Sovereign debt default: Are countries trapped by their own default history?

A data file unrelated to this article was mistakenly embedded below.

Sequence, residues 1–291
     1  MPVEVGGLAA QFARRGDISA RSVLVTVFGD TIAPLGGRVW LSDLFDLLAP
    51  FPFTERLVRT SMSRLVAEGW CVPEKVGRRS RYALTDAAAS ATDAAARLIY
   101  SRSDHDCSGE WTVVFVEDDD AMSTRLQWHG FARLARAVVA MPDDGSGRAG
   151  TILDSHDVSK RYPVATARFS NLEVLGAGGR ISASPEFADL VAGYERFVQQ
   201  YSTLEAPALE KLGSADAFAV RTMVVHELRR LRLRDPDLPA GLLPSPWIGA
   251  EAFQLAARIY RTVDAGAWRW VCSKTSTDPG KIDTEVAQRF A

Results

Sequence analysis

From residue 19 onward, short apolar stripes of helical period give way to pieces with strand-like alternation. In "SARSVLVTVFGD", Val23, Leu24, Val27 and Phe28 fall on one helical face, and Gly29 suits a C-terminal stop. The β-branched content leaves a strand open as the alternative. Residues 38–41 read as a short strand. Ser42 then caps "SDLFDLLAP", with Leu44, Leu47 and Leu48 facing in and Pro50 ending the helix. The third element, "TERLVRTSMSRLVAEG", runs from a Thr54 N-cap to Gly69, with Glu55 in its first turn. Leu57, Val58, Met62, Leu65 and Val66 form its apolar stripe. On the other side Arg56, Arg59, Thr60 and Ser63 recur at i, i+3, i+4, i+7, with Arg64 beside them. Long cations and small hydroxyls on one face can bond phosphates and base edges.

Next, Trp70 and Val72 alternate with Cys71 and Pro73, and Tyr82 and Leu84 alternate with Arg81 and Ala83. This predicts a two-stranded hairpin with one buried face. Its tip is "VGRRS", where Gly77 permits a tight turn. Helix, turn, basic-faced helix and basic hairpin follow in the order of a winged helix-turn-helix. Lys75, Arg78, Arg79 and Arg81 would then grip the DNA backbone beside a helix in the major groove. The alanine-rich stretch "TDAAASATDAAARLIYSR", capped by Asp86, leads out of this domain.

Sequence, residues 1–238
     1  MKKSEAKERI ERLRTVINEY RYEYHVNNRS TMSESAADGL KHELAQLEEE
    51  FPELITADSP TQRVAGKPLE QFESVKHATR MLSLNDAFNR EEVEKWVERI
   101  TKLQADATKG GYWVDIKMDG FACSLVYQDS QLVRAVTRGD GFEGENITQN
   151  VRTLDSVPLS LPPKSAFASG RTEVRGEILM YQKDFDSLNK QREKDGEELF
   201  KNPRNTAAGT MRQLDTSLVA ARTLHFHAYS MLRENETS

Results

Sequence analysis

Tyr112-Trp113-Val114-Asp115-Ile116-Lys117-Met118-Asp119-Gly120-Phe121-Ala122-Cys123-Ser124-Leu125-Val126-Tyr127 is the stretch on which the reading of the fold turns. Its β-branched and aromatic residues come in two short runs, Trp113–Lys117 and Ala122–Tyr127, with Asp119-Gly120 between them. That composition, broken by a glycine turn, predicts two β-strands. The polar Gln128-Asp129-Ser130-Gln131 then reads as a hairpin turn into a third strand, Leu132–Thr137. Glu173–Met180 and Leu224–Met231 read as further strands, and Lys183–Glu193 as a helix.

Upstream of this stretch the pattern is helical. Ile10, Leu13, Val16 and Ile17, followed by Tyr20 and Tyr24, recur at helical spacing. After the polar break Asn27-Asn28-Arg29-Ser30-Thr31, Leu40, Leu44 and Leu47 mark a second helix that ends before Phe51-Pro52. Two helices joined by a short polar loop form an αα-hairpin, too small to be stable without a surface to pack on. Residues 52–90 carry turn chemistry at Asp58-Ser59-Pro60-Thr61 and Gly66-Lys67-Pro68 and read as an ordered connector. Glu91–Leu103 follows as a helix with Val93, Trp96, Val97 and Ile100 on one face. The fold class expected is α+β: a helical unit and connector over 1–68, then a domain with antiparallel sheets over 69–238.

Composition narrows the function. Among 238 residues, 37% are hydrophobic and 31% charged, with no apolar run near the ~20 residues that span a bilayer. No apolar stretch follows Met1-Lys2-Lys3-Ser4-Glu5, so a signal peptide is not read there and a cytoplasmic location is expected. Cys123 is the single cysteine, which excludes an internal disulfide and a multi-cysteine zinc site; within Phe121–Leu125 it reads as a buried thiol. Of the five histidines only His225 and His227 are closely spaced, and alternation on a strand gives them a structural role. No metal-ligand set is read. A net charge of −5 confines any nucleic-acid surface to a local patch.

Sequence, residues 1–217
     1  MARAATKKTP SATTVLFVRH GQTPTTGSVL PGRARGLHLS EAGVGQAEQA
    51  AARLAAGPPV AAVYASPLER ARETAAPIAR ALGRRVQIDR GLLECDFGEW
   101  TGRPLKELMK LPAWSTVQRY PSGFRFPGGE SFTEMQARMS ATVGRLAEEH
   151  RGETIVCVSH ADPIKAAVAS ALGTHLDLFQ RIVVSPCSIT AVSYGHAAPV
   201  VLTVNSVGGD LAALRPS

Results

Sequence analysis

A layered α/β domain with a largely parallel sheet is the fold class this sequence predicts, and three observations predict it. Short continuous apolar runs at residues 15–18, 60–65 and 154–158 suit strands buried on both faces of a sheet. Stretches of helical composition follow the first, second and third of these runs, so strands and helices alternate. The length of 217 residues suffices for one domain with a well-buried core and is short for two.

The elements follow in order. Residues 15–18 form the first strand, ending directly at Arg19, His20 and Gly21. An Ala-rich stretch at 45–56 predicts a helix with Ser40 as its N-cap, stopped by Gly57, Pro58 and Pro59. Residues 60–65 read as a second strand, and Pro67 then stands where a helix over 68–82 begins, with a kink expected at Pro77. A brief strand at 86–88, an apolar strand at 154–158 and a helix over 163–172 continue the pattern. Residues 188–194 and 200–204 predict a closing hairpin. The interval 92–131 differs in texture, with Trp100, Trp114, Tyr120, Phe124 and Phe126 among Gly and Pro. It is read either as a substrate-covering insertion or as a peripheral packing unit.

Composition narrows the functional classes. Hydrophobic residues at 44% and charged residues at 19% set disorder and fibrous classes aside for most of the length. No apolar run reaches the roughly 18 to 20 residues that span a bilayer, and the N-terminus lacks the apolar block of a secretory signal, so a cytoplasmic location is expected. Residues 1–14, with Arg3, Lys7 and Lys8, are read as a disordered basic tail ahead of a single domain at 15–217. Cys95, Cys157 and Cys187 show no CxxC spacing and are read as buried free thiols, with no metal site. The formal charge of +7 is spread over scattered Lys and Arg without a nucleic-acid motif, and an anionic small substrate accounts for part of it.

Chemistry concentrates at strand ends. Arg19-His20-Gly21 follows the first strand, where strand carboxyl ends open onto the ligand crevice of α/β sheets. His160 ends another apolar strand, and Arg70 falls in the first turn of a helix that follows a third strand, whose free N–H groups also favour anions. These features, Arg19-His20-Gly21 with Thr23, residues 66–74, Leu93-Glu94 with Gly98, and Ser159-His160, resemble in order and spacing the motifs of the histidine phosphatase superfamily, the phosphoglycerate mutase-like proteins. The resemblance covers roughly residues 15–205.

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Why are sovereign debt defaults so persistent in some EMEs, even at relatively low levels of external debt? The empirical literature has argued that the country s record of defaults is the main determinant of the future default risk. However, there are two factors generating the e¤ect from history on the probability of default: state dependence and unobserved heterogeneity. Is a country more likely to default because it has experienced a default in the past (state dependence) or does the country have some previous speci c characteristics that make it more prone to default (unobserved heterogeneity)? Results indicate that state dependence e¤ects are large. Nevertheless, this paper presents evidence indicating that the omission of unobserved heterogeneity -which accounts for both unobserved and observed time invariant characteristics- has drastic consequences when assessing countries risk of default. When unobserved het- erogeneity is accounted for there are countries with high risk of default even if negligible levels of debt are assigned to them. Conversely, other countries show a low probability of default even with assigned levels of indebtedness higher than those observed in the sample. Finally, this paper presents evidence suggesting that unobserved heterogeneity could be associated to a set of di¤erent historical, political, and cultural factors that have deeply and persistently shaped institutions.
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